As one of of DesignHammer’s organic Search Engine Optimization (SEO) services, we monitor our client's position on Search Engine Results Pages (SERPs), along with those of their major competitors. Recently, a competitor to one of our clients rocketed to the top of the search rankings for several of their targeted search terms. There are a number of reasons this could happen, so I set out to determine what would account for this dramatic change.
At the most basic level, organic SEO can be divided into “on page” and “off page” techniques. On Page techniques include HTML structure, and written content on a page being optimized, while Off Page techniques primarily focus on the quality and quantity of incoming links.
Since there are a number of tools that automate analysis of incoming links, that was my first path of inquiery. I quickly noted links from over ten TypePad blogs to the competitor’s website for several of their targeted search terms.
When I reviewed the TypePad blogs, I found they were obviously being used solely to create backlinks for SEO. While this was not surprising, what did surprise me was several of the blogs I reviewed had exceptionally good PageRank for a spam blog (PageRank of 4 or 5 out of a possible 10). This was unexpected since a number of recent updates to the Google algorithm were supposed to punish low quality websites such as this one.
Most of the links on the blog are to product pages on e-commerce sites, a common tactic for less reputable SEO firms to improve the search performance of their client's pages. While tactics such as this can be effective in the short term, they violate Google's Webmaster Guidelines and can result in penalties for a site if it is caught benefitting from such link schemes. The most recent Google algorithm update has reportedly damaged webspam tactics such as this. If that is true, why is this link scheme still so effective?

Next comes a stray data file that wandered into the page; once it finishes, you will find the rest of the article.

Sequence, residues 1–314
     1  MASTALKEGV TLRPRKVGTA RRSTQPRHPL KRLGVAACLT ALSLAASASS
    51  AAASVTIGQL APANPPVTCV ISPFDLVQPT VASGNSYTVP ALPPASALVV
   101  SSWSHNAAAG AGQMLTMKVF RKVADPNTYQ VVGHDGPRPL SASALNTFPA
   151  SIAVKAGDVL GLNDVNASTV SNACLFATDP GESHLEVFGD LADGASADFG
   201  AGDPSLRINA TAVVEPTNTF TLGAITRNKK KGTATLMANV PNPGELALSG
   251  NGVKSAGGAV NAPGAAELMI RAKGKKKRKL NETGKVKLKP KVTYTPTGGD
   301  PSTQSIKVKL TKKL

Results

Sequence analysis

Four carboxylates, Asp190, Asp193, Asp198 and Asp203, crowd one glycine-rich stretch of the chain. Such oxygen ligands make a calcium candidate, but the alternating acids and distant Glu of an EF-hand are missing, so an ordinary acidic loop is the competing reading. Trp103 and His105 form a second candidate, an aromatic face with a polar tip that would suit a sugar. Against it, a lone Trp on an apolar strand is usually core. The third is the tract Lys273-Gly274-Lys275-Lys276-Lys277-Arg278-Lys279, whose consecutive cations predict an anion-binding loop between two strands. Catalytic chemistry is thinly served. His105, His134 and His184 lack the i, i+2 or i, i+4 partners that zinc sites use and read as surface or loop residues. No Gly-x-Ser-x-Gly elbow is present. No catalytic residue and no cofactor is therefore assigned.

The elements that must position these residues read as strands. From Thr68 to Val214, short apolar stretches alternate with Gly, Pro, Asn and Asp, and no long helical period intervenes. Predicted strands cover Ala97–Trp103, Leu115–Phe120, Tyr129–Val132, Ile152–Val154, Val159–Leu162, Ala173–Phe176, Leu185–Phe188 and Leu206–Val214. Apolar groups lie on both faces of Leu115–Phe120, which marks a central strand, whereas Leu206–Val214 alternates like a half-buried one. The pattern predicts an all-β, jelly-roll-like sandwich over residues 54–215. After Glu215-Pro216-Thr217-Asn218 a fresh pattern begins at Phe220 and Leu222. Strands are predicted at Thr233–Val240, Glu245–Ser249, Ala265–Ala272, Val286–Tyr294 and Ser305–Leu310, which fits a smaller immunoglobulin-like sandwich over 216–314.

I did some further investigation and found that one of the sites, librarianinblack.typepad.com* was linked to from National Public Radio as one of the "library blogs we love." With a PageRank of 5, a link from this NPR subpage is a high quality link (the NPR home page, with a PageRank of 8, would help even more). As I have come to expect something beyond links to spam from NPR, I decided to dig a bit deeper.
After consulting the Wayback Machine (an incomplete archive of Web pages going back as far as 1996), I discovered that from 2004 through 2009 the Librarian In Black was a regularly updated, apparently well read and respected blog sharing resources and discussions for the "tech-librarians-by-default." In 2009, Librarian In Black moved off of TypePad to it's new home, librarianinblack.net.
However starting in 2011, librarianinblack.typepad.com* started a new life as a splog (splog = spam + blog). Splogs are not a new phenomenon, and this was a valuable one. When the actual Librarian In Black blog moved to its own domain, not every linking site updated their links. This left a URL with significant link juice to be used for spamdexing.
As a testament to the residual PageRank, librarianinblack.typepad.com* is still the second result in Google for a search for "librarian in black."
While we may never know exactly how this particular web spammer stumbled upon librarianinblack.typepad.com*, Social Engineers and Black Hat SEO practitioners are always on the lookout for new ways to claim blogs with existing page rank.
At DesignHammer, we do not practice or endorse SEO practices that violate Google's SEO Guidelines. We feel that the potential temporary benefit of these prohibited practices is outweighed by the potential for lost business and damaged reputation if caught. In short, black hat SEO practices are bad for business.
* Throughout this blog, I have refrained from linking to the spam blog. I don't see any reason to legitimize it with any of DesignHammer's link authority.